What Modifies Our Response To The Cold?
A cold environment challenges the worker in 3 ways: by air temperature, air velocity (wind speed), and humidity (wetness). In order to work safely, these challenges have to be counteracted by proper insulation (layered protective clothing), by physical activity, and by limited exposure to the cold (work/rest schedule). Wearing an extra layer of insulation on your neck such as one of the best cooling towels is also something you should be looking at.
If your job requires you to work outdoors in cold environments, you may be at the risk of cold stress. Cold stress can be seen in a number of different work environments if the proper steps are not taken to prevent its horrible effects. Read on to learn more about the dangers that different governing agencies warn workers about cold stress and how it can affect your health & safety, as well as steps you can take to prevent cold stress. Cold stress begins to occur when the skin temperature drops and the internal core body temperature begins to go below normal levels. Cold stress can lead to serious health problems, tissue damage, and even death in certain situations.
Air temperature is measured by an ordinary thermometer in degrees Celsius (°C) or degrees Fahrenheit (°F).
The production of body heat by physical activity (metabolic rate) is difficult to measure. However, tables are available in the literature showing metabolic rates for a variety of activities. Metabolic heat production is measured in kilocalories (kcal) per hour. One kilocalorie is the amount of heat needed to raise the temperature of one kilogram of water by 1°C.
The “work warm-up schedule,” as developed by the Saskatchewan Occupational Health and Safety Division shows the warm-up breaks required for working in cold conditions and the normal breaks to be provided every two hours. The schedule allows additional breaks for workers as the wind velocity at the work site increases and/or the temperature drops.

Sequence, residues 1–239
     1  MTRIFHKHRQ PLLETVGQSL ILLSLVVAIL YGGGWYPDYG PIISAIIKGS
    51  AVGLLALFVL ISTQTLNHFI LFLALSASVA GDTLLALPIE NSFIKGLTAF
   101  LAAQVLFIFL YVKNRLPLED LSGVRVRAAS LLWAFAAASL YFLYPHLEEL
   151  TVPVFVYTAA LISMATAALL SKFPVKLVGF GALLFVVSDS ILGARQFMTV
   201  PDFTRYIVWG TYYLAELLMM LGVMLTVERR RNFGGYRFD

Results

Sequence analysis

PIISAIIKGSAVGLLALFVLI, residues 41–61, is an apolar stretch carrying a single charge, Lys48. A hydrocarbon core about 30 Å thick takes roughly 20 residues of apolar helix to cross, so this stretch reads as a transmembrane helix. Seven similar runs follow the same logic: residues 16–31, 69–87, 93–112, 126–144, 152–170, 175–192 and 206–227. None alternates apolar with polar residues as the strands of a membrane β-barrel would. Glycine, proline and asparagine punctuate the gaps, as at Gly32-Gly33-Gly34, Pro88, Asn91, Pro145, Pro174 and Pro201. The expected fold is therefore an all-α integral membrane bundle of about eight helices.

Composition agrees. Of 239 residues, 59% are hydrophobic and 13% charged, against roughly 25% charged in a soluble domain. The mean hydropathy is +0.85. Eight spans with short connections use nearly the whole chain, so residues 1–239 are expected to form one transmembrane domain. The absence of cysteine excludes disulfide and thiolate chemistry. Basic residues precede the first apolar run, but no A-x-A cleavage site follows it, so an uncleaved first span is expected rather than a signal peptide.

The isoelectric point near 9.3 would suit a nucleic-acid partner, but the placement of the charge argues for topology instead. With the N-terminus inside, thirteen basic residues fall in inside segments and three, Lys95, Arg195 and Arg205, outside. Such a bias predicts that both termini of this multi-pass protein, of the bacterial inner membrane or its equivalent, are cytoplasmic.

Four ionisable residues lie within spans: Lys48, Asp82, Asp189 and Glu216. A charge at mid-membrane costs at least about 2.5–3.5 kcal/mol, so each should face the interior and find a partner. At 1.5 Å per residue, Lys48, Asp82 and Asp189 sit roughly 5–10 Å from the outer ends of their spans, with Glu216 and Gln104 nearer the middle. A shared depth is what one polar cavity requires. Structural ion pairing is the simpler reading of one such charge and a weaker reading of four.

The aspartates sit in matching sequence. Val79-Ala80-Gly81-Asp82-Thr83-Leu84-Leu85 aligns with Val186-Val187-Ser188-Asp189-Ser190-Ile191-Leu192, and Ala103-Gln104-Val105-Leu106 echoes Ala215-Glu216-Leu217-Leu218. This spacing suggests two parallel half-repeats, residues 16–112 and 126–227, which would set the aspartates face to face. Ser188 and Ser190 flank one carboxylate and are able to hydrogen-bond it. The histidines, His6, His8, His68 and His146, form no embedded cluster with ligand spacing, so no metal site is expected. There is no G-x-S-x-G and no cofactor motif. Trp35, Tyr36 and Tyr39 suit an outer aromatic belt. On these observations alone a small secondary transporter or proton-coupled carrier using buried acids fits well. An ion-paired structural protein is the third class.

A lot of people ask themselves “What should I know about personal protective equipment (PPE) for working in the cold?” There are a lot of guides out there that outline the general minimum requirements for PPE at each temperature group. Read up on these guidelines to make sure that you’re properly protecting yourself from the cold.
Different types of commercially-available anemometers are used to measure wind speed or air movement. These are calibrated in meters per second (m/s), kilometers per hour (km/h) or miles per hour (mph). Air movement is usually measured in m/s while wind speed is usually measured in km/h or mph. The following is a suggested guide for estimating wind speed if accurate information is not available:
- 8 km/h (5 mph): light flag moves,
- 16 km/h (10 mph): light flag fully extended,
- 24 km/h (15 mph): raises newspaper sheet,
- 32 km/h (20 mph): causes blowing and drifting snow.
Humidity or the wetness of air pertains to how much water the air holds at any given time. Water conducts heat away from the body 25 times faster than dry air.